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This SOP creates a large number of disjoint groups. This is often a very
inefficient workflow. Instead, consider creating a single string attribute
that stores what would be your group name using Attribute Create or
Attribute Wrangle. If the string attribute you make was named
tag, you can isolate all the elements named
kiwi with the
To convert a set of disjoint groups, such as created by this SOP, into a single string attribute use the Name from Group option of the Name SOP.
The Partition SOP places points and primitives into groups based on a
user-supplied rule. For example, in order to put each point in its own
pt_pointnumber, enter the rule
The rule can be any valid Houdini expression. Rules should evaluate to
valid group names. The result of a rule may be modified to make it a
valid group name (for example a result of
1 will be turned into the
Standard local variables are available as well as local variables created with the Attribute Create SOP.
Variable names ending with
2 refer to the geometry from the second input, if applicable. For example,
PT2 is the current point number from the second input.
The seconds a particle in the template has been alive.
Arc length distance from root in the L-systems.
The surface area of the primitive (created by the Measure SOP).
BBX, BBY, BBZ
The point’s relative position in the bounding box.
Point or vertex alpha value.
CEX, CEY, CEZ
The centroid of the geometry.
COMX, COMY, COMZ
Center of mass.
CR, CG, CB
Diffuse point or vertex color.
Point or vertex crease weight value.
Distance from particle to last collision.
Number of divisions to build the circle swept with Polywire (created by L-systems).
Generation in the L-systems.
The ID of the particle in the input.
The age of the point in the L-system computation.
Percent of total life used (from 0 to 1).
Level of detail.
MAPU, MAPV, MAPW
Point or vertex texture coordinates.
The string name of the current material (the value of the
The number of layers that are considered active for display.
The total number of points in the template geometry.
NX, NY, NZ
The perimeter of the primitive (created by the Measure SOP).
Primitive number & total number of primitives.
The point number of the currently processed point.
RESTX, RESTY, RESTZ
The rest position.
Number of segments to divide a curve up into in Polywire (created by L-systems).
SIZEX, SIZEY, SIZEZ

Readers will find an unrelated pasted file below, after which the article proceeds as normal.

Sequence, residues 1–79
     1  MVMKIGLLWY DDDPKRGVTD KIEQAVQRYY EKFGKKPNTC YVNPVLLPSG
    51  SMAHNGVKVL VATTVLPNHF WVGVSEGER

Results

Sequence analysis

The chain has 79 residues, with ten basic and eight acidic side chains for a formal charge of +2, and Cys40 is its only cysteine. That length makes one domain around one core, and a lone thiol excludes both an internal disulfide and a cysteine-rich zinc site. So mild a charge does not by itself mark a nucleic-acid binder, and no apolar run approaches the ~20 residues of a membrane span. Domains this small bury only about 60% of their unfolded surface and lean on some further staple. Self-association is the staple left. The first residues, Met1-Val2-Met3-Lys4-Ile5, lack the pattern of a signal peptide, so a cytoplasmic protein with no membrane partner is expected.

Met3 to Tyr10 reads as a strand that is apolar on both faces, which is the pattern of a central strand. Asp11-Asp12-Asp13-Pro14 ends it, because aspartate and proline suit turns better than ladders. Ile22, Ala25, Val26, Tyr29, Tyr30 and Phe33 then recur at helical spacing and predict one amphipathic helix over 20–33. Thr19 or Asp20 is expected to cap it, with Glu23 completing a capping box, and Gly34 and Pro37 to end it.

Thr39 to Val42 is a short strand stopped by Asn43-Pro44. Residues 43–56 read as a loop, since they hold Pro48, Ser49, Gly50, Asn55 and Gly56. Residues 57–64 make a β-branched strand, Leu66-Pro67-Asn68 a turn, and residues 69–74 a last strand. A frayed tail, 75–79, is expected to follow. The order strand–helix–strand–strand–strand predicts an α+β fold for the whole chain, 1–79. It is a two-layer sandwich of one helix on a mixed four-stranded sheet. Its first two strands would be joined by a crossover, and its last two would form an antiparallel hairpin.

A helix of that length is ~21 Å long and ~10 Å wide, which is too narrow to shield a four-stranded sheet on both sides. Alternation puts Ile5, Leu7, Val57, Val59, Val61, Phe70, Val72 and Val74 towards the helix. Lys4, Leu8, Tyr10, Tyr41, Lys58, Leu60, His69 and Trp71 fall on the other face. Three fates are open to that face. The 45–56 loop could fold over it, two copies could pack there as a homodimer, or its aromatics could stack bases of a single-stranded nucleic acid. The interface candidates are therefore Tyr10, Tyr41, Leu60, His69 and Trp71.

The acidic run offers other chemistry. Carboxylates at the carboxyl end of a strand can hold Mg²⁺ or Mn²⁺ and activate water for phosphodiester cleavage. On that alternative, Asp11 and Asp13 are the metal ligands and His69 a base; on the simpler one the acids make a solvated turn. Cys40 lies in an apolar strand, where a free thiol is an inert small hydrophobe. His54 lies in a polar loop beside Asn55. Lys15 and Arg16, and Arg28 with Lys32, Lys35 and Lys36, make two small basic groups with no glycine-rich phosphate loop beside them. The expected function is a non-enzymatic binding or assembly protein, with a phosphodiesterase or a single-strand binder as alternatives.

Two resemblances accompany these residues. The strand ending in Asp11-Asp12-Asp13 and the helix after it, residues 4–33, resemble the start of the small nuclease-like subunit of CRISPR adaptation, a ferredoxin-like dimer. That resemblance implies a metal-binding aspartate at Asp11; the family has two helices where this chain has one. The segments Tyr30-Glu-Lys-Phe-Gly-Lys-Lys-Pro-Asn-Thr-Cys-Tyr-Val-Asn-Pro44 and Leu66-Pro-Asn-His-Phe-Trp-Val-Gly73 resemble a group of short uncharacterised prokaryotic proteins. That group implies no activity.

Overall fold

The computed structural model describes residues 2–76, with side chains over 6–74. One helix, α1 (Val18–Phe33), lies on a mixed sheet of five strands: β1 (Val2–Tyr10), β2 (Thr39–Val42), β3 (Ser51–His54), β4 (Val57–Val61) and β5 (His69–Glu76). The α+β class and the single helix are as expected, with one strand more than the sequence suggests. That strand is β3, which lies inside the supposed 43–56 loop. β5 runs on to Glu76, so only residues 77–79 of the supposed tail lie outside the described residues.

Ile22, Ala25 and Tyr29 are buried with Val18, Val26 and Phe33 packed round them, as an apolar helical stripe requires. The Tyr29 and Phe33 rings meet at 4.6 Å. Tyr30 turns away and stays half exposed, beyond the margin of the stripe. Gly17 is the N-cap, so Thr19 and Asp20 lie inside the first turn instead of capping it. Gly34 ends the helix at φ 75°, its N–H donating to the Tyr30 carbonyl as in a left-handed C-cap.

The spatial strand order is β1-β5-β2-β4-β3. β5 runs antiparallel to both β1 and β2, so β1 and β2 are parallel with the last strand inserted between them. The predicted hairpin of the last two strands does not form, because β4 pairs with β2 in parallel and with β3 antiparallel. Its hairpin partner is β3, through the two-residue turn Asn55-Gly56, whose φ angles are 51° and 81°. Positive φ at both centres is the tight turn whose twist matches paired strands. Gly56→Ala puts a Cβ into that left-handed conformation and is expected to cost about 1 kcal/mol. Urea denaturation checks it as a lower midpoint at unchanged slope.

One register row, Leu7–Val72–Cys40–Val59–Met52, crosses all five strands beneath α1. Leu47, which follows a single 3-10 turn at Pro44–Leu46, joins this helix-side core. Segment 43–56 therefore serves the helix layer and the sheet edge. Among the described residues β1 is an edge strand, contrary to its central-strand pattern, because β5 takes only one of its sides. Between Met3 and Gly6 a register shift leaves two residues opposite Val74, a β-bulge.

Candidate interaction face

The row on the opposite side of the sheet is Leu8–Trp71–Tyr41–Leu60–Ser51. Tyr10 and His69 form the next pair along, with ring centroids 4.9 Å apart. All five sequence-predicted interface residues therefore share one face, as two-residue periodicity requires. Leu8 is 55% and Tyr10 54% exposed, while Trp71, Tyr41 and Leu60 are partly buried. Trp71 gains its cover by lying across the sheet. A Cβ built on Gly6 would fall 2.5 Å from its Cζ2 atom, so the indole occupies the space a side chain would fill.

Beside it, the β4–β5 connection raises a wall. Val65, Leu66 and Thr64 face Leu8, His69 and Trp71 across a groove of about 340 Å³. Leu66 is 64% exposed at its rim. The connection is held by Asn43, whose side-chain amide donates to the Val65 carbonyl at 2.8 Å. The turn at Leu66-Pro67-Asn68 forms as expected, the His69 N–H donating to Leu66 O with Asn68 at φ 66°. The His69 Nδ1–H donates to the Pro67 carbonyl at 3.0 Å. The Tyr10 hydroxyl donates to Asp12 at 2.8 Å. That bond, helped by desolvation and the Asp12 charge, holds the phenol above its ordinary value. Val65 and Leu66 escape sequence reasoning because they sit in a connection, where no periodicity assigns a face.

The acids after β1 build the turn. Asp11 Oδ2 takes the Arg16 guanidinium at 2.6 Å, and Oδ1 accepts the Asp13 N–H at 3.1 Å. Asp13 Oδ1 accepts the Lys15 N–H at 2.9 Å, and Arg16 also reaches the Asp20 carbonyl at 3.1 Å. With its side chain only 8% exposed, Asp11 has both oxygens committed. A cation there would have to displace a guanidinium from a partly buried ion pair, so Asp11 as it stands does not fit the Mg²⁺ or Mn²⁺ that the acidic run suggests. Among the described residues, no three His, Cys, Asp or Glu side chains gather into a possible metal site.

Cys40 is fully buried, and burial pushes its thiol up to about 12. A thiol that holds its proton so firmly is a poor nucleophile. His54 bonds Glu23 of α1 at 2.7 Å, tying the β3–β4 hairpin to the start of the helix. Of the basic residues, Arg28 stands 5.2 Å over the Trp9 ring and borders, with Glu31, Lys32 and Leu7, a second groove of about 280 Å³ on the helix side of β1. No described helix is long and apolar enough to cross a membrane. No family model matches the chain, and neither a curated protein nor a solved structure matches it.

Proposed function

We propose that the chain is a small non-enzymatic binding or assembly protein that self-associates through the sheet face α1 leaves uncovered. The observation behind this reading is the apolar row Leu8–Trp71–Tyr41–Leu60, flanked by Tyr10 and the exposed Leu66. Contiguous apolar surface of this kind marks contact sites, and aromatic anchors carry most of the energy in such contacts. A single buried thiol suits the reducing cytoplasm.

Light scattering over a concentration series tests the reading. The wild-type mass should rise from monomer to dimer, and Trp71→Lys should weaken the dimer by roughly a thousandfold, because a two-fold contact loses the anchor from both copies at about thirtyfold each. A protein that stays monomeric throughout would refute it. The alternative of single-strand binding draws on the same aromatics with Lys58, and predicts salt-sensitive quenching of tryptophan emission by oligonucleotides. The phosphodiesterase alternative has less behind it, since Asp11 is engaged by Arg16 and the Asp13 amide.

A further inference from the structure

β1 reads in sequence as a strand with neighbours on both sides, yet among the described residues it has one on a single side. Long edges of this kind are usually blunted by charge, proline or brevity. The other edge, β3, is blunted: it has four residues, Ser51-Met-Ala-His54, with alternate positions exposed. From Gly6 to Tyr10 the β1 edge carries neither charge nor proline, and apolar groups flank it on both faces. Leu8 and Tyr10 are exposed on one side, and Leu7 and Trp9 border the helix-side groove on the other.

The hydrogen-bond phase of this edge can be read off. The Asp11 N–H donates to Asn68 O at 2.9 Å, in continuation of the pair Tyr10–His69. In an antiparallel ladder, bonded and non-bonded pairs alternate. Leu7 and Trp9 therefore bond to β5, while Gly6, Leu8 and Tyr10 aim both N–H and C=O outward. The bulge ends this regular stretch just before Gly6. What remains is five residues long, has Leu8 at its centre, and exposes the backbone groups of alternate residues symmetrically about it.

The size of the bounding box.
Elasticity of a point.
Spring tension of an edge.
TX, TY, TZ
UPX, UPY, UPZ
The vector pointed in the up direction.
Vertex number & total number of vertices.
VX, VY, VZ
Point spline weight.
The width of the curve. Used by mantra for rendering curves & polywire for generating trees.
The X extents of the bounding box of the geometry.
The Y extents of the bounding box of the geometry.
The Z extents of the bounding box of the geometry.
The primitives or points considered for the operation.
The type of the entity specified in the group parameter.
The type of primitives to consider for this operation. Only applicable when Entity is set to Primitives.
The rule with which to evaluate each primitive or point. The result of the rule is the name of the group in which the primitive or point will be placed.
This example demonstrates how to break geometry in a DOPs simulation using the Partition SOP to determine the DOP Objects.
The following examples include this node.
This example shows how to use the Apply Relationship DOP to propagate constraints automatically and create an RBD simulation of a collapsing bridge.
This example uses an RBD projectile to shatter a piece of glass. The glass is made up of simple trangular shards glued together.
This example also demonstrates a situation where using volume based collision detection would not work, and so the objects are treated as infinitely thin surfaces when performing collision detection.
This example uses the ForEach SOP in all three modes (by group, by attribute and by iteration) for you to study and use. You can make any SOP that doesn’t support local variables (like Magnet, for example) behave like one that does using any of the three methods shown here.
This example shows how you can use the foreach sop to apply a lattice to each fragment of a sphere.
This example demonstrates how to use a Meta Expression in an Attribute Create SOP to control how metaballs merge together.